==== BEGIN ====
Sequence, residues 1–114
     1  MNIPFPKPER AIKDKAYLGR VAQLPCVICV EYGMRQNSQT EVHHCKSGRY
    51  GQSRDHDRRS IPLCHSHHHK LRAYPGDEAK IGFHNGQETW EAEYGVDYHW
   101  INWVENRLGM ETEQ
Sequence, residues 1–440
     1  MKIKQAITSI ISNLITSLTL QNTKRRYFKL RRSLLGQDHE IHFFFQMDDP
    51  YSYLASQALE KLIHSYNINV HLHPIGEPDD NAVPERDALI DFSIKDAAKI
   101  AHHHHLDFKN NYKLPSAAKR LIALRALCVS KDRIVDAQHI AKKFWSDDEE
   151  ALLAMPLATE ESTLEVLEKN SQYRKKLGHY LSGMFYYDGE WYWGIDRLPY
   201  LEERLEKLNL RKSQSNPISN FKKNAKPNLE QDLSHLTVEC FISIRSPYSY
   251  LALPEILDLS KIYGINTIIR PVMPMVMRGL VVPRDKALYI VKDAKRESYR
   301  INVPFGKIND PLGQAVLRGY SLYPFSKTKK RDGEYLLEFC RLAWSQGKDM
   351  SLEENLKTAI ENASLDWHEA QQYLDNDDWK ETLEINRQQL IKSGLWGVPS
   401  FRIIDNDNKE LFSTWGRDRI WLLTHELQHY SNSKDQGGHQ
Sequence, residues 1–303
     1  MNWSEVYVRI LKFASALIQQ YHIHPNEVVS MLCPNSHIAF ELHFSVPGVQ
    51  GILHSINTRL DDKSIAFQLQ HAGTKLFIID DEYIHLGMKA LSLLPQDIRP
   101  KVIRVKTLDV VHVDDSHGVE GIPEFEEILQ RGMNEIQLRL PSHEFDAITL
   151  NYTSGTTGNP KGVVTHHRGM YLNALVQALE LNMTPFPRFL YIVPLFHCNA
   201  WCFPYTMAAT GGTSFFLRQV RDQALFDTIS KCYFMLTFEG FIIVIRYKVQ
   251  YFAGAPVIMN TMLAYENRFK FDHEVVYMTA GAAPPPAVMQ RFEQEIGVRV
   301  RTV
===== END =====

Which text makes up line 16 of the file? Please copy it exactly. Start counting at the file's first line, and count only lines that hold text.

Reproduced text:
     1  MNWSEVYVRI LKFASALIQQ YHIHPNEVVS MLCPNSHIAF ELHFSVPGVQ